The proofs show the editor at work. Using the 1790 text of Malone as a basis, Steevens changed Shakespeare’s words into what he thought was the best text to print. Words were deleted (“guilty” and “murder” are crossed out), clarifications were added (a character exited “with the body”, penned next to it), and entire passages appear to have been rewritten (note the pasted pieces of paper with Steevens handwritten text). The proofs seen here show how Shakespeare is prepared for a new generation of readers: his words were perfected to reach a new audience - and new potential buyers.
Pic: Washington, Shakespeare Library, PR2752 1791-1802a v.1 Sh.Col. (This Shakespeare edition of 1791). Here is my source and more information.
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erikkwakkel:

Making Shakespeare
Today in 1616 William Shakespeare died. His works have been enjoyed by generations of readers, which means that generations of printers have been busy editing and reprinting his texts. The images above are special. They are from the 1791 edition of The Bard’s “dramatic works”, as the title page has it, which included his play Richard III. Except, these images don’t show the actual book. You are looking at the proofs corrected by the editor George Steevens himself, which miraculously survived.
The proofs show the editor at work. Using the 1790 text of Malone as a basis, Steevens changed Shakespeare’s words into what he thought was the best text to print. Words were deleted (“guilty” and “murder” are crossed out), clarifications were added (a character exited “with the body”, penned next to it), and entire passages appear to have been rewritten (note the pasted pieces of paper with Steevens handwritten text). The proofs seen here show how Shakespeare is prepared for a new generation of readers: his words were perfected to reach a new audience - and new potential buyers.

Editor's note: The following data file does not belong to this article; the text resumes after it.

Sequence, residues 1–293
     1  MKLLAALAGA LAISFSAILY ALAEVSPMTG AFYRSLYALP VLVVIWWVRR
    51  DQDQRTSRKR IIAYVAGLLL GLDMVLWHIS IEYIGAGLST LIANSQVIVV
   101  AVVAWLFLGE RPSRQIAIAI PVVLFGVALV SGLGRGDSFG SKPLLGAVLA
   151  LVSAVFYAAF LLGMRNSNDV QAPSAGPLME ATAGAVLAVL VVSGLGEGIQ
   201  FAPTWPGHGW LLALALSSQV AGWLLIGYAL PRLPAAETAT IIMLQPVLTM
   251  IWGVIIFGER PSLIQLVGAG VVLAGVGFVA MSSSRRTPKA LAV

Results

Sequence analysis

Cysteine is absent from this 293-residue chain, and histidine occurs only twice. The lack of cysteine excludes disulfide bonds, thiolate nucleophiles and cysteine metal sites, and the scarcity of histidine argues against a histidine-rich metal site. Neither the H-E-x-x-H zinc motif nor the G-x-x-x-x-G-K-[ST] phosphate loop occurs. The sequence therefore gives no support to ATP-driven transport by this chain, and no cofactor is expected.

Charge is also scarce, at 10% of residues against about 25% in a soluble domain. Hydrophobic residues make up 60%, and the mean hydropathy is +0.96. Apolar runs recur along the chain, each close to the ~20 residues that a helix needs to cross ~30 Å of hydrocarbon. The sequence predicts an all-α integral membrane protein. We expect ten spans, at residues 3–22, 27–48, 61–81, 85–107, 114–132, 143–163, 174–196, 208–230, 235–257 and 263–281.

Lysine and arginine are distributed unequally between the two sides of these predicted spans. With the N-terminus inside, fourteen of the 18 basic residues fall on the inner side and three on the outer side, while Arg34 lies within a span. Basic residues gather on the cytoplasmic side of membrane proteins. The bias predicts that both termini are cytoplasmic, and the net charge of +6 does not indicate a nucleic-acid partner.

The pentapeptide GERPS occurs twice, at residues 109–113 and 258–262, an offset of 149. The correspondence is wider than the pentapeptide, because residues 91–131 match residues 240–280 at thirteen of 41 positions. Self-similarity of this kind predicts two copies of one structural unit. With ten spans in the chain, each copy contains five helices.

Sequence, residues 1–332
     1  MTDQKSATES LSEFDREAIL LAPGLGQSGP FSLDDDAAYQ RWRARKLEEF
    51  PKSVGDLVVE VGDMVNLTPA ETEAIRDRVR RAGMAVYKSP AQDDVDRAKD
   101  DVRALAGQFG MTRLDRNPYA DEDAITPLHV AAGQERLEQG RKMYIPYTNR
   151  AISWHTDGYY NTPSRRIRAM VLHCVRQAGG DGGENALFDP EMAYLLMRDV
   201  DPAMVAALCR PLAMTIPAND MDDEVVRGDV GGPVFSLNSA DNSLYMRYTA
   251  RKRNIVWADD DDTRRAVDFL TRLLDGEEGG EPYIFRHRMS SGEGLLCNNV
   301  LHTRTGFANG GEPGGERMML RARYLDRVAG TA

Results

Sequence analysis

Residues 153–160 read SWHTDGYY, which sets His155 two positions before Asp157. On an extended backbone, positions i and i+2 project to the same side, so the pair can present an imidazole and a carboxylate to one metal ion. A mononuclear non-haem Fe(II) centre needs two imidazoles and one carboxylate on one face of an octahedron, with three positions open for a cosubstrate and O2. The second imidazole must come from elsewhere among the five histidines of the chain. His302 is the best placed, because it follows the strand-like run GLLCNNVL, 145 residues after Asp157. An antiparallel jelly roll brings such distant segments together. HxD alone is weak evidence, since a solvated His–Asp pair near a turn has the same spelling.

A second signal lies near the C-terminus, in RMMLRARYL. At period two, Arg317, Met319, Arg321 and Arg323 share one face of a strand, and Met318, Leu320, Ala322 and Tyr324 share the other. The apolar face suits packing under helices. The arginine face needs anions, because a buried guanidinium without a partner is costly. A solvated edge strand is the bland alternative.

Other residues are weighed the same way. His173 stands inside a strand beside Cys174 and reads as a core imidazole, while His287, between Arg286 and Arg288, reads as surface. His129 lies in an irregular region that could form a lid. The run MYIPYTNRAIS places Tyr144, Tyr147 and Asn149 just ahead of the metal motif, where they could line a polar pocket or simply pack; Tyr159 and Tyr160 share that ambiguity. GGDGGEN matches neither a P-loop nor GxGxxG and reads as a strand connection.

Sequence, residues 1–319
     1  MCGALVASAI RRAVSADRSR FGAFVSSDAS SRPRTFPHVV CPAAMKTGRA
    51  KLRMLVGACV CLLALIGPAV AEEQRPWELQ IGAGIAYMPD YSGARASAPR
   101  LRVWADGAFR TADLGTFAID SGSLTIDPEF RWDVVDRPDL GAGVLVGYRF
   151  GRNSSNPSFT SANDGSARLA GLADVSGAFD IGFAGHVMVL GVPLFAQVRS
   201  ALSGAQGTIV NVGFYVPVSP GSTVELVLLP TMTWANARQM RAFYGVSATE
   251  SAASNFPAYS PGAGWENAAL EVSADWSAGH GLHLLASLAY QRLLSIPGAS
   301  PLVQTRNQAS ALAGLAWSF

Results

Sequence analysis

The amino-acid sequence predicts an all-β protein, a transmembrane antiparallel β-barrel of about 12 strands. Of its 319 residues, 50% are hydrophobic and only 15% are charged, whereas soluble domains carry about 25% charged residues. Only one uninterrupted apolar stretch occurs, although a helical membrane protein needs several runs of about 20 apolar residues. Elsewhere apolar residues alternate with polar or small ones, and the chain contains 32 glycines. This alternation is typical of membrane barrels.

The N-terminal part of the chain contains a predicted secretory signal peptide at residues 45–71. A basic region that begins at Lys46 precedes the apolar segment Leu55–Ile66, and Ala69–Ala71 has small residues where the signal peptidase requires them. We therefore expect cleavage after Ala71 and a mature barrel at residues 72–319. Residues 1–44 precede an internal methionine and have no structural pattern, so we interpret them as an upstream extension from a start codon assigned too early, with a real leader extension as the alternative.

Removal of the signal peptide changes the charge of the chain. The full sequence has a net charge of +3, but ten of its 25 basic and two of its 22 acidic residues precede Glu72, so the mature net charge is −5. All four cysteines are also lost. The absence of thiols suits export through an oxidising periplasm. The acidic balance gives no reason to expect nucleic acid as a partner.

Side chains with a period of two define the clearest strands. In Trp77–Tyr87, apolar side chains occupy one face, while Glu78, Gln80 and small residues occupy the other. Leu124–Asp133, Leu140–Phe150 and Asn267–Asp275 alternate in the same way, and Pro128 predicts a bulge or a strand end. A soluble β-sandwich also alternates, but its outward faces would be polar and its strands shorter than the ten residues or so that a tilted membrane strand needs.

Pic: Washington, Shakespeare Library, PR2752 1791-1802a v.1 Sh.Col. (This Shakespeare edition of 1791). Here is my source and more information.
Zoom Info

erikkwakkel:

Making Shakespeare

Today in 1616 William Shakespeare died. His works have been enjoyed by generations of readers, which means that generations of printers have been busy editing and reprinting his texts. The images above are special. They are from the 1791 edition of The Bard’s “dramatic works”, as the title page has it, which included his play Richard III. Except, these images don’t show the actual book. You are looking at the proofs corrected by the editor George Steevens himself, which miraculously survived.

The proofs show the editor at work. Using the 1790 text of Malone as a basis, Steevens changed Shakespeare’s words into what he thought was the best text to print. Words were deleted (“guilty” and “murder” are crossed out), clarifications were added (a character exited “with the body”, penned next to it), and entire passages appear to have been rewritten (note the pasted pieces of paper with Steevens handwritten text). The proofs seen here show how Shakespeare is prepared for a new generation of readers: his words were perfected to reach a new audience - and new potential buyers.

Pic: Washington, Shakespeare Library, PR2752 1791-1802a v.1 Sh.Col. (This Shakespeare edition of 1791). Here is my source and more information.